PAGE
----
You get a great view from here of the ferries passing each other on the way to and from the Isola d'Elba, which sometimes feels so close that you could almost touch it.
Amongst its carpet of pink of Sour Figs or Cistus incanus (locally known as Cistus Villoso), are the creamy-white flowers of the low growing bushes of "Barba di Giove" - Beard of Zeus (Anthyllis barba-jovis), once used for healing wounds.
Yellow gorse, wispy pink thistles, and yellow daisies (I'm still trying to find out their name a I didn't photograph the tags - the park authorities have helpfully put name labels on the plants along the coastal pathway) growing amongst the rubble of broken pillow lavas.
In fact this particular spot is full of wild flowers too many for me to include photos of here without making the page load too slowly, so I've made a video instead. If you visit in April, this is what you will see:
Inland, you will find wild purple orchids, anemones, crocuses and splashes of wild pink cyclamens in the woodland floor of the Riserva Naturale delle Cornate e Fosini, near the Tuscan hill town of Gerfalco.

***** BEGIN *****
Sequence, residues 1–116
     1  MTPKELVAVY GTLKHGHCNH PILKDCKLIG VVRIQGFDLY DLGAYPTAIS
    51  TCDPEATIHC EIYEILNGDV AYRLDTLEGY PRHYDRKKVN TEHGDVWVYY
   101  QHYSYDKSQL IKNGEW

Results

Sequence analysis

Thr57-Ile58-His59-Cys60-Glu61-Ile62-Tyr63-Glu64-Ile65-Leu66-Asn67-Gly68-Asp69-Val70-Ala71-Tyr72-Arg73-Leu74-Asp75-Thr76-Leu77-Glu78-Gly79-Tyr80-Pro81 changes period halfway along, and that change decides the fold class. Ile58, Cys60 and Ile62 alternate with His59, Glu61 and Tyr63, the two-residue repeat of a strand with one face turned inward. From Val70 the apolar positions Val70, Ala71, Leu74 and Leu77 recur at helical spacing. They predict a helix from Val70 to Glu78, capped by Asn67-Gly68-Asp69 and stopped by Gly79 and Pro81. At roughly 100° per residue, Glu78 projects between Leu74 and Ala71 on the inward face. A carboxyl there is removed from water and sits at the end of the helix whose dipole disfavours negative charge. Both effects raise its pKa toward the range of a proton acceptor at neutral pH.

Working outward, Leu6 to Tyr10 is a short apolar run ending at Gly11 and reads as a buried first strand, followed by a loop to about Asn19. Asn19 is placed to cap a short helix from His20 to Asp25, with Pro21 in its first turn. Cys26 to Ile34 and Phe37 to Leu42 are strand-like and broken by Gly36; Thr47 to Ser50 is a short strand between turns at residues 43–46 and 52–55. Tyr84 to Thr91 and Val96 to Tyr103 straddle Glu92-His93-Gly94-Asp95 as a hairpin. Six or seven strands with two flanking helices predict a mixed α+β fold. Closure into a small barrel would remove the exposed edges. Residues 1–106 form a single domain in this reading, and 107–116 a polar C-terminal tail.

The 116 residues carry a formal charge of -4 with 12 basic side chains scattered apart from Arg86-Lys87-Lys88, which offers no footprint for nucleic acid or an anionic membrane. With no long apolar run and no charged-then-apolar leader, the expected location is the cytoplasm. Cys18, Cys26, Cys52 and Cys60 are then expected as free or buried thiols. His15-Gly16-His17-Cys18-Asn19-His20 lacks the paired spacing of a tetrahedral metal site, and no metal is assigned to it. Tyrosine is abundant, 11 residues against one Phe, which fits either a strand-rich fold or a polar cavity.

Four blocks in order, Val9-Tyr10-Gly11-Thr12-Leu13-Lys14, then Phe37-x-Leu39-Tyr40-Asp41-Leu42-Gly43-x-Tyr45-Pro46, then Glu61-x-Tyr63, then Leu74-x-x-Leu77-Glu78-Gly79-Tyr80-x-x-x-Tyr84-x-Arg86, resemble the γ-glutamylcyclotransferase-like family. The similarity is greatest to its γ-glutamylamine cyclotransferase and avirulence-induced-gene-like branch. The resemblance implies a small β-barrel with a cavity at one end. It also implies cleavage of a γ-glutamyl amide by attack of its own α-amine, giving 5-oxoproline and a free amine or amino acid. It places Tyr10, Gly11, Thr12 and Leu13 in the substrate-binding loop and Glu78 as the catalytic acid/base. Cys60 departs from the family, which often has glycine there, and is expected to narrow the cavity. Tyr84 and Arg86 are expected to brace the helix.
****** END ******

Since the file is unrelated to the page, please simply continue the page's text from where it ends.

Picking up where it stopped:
For a guided tour of this reserve, which is home to the limestone massif called the Cornate di Gerfalco (the highest hill in Maremma's metalliferous hills), two rare falcons, and ancient silver mines, contact the Simone and Fiona via the form at the bottom of this page.
Clusters of tiny cyclamens can be found in many of Maremma's woodlands where the light reaches the forest floor - especially alongside the footpaths and in openings amongst the fallen stones that once were the walls of Etruscan tombs.
Be prepared to want to stop your car a lot when you realise what those streaks of pink are as you drive along, because the sides and banks of country roads in this part of Tuscany are covered in them too!
If you have the choice and don't know which month to choose to visit Tuscany and would love to see these wild flowers and more, then opt for the month of May.
The colours are more intense and the weather is usually - I say usually as nothing weather wise seems to play along traditional historic patterns these days! - warmer and you are guaranteed more sunshine.
When do poppies bloom in Tuscany Italy? You will start to see a few poppies here and there, popping their heads up amongst the vivid green of Maremma's fields and along the roadsides, during the month of April.
But it is during May - especially towards the end of the month - that you will see the wondrous spectacle of them in full bloom, with not a breathing space between flowers :)
May is lush green backdrops with splashes of colour. This first picture was taken on the 4 May.